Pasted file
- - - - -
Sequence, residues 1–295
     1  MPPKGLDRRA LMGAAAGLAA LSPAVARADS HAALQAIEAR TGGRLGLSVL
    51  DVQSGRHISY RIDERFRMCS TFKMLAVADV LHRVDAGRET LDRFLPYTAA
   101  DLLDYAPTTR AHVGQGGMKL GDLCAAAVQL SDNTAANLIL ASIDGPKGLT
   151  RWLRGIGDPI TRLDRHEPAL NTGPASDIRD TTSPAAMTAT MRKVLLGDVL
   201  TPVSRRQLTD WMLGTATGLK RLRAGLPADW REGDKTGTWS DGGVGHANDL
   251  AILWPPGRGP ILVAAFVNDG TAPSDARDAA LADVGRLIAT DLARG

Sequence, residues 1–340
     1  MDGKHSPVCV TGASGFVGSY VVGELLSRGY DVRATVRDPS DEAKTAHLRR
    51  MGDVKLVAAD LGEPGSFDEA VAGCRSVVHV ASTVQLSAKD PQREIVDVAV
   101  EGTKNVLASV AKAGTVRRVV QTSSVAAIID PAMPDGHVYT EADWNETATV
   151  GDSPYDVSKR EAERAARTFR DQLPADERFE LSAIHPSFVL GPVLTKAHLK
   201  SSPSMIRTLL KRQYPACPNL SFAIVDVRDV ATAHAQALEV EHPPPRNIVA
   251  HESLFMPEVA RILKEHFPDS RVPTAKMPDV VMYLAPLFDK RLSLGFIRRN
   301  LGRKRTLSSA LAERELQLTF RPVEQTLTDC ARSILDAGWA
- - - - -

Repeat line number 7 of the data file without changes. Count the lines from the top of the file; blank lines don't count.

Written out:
   251  AILWPPGRGP ILVAAFVNDG TAPSDARDAA LADVGRLIAT DLARG